There's a spoiler in here about the (now ancient) production of Our Town currently running at the Barrow Street Theatre. If you're likely to see this production, don't read my babbling post because I assure you the spoiler is worth saving up for the experience. The fact that Our Town requires a spoiler alert should give you pause.
Our Town is one of those plays. It's done so often, and so inexpertly, that it is easy to overlook just how good a play it is, how well-constructed. Most people think of it as a folksy homily, a celebration of small-town life, which it sort of is, but only on its surface. Our Town's heart is as bitter as a teabagger on tax day, only more sensible and a lot more understanding of the human condition.
I read Our Town in junior high, and didn't 'get' it. No set. No scenery. That's the first stage direction delivered by the play's author, Thornton Wilder, and I remember thinking, Ok fine. Then I saw a road production of Phantom of the Opera and understood: No set, no scenery is a pretty ballsy thing to write down. No set. No scenery. No artifice, no pretense, no oooooh, no aaaaaaah. No set. No scenery. No theatrics. Just theatre.
You know what else is a pretty ballsy thing to write? I'll tell you: Our Town is one of my favorite plays. When done well, the show can be devastating. Emily's farewell to clocks tickin' and sleepin' and wakin' up is pretty much the most moving passage in theatre for me (and yes, I'm looking at you, Mr. Eyes Look Your Last, and you too, Ms. Kindness of Strangers).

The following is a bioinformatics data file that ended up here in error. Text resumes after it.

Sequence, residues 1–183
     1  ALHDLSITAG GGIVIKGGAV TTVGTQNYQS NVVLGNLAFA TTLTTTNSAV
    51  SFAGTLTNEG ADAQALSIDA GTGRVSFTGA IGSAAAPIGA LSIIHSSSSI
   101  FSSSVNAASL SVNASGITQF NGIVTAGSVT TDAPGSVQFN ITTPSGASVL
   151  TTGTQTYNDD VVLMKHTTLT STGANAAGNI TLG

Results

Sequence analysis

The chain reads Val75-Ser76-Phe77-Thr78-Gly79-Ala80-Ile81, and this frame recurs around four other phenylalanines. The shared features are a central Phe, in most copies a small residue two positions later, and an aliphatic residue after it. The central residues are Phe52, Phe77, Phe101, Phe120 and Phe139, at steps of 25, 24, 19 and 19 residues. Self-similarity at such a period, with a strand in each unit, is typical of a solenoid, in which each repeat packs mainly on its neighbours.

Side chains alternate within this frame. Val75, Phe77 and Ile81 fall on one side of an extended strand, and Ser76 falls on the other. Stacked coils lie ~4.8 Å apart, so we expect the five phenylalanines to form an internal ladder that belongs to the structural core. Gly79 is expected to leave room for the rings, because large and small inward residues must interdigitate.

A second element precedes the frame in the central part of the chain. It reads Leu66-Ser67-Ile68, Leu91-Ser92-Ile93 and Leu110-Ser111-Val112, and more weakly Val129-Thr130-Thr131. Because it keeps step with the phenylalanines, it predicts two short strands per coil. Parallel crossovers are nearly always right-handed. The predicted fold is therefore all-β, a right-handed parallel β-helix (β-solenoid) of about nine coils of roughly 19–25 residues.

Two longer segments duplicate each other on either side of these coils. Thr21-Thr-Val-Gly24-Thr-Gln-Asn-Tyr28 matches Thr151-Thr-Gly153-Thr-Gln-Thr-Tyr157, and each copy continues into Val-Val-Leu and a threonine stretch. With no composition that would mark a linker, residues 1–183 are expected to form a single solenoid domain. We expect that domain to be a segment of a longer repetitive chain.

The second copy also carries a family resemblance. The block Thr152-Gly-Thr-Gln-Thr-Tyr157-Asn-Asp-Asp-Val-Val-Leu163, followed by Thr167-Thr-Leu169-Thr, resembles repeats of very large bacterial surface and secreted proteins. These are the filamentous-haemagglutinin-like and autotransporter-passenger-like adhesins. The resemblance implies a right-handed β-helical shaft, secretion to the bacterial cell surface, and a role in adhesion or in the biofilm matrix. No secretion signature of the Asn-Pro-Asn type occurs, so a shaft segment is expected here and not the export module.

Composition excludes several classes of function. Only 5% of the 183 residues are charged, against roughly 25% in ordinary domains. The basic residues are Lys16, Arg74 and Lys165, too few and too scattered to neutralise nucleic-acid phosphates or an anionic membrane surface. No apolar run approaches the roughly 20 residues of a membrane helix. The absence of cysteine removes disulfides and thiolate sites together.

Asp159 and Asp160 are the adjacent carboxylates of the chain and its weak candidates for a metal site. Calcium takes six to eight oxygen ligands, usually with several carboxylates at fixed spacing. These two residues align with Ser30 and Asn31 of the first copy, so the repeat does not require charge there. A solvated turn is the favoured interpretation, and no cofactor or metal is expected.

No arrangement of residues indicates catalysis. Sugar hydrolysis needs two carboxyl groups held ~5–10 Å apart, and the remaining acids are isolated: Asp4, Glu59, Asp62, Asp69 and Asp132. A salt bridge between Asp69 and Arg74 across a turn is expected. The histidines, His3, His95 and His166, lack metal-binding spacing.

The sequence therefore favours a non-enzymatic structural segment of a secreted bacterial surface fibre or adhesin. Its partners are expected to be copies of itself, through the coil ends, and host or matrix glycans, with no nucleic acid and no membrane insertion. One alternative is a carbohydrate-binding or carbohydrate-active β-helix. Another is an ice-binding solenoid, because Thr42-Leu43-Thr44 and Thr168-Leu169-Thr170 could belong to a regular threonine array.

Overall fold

Some years ago, I admitted as much to a self-styled dramaturg who spent most of his time drama-ing and precious little time turg-ing. His reaction was odd. Rather than tell me why Our Town sucks, Dramaturd decided to tell me why I sucked. Refreshing approach to theatre criticism, really--I had no idea my love of Our Town was offensive to Antonin Artaud. I didn't even know Antonin Artaud was capable of offense.
When I wrote a piece about Our Town for a local paper--where-in I waxed philosophical about the time my father took me to the Shakespeare Festival in Montgomery to see a production--the Dramaturd thought I was making a direct attack against his very being, and accused me of writing the piece specifically to make fun of him. And all I could think was, "No set. No scenery. He needs something to chew on, so I guess it's gonna be me."
The Dramaturd isn't, by the way, the only person to sniff at me when I admit my love for Our Town. Lots of more polite people have rolled their eyes at me when I talk about it, and usually say, "Oh god, if I never see that show again I'll die happy."
Anyway. Our Town, at the Barrow Street Theatre.
Greg was gaming--an all-day thing, a marathon of geeky dice-rolling and role-playing--so I'd decided to go see a show, rather than hang out at home (or, apparently, have dinner with a friend and his new boyfriend). After the first act, I ducked outside, into the bitter horrible no-good cold, to call Greg.
"I'm already crying," I told him, "and it's just the first act."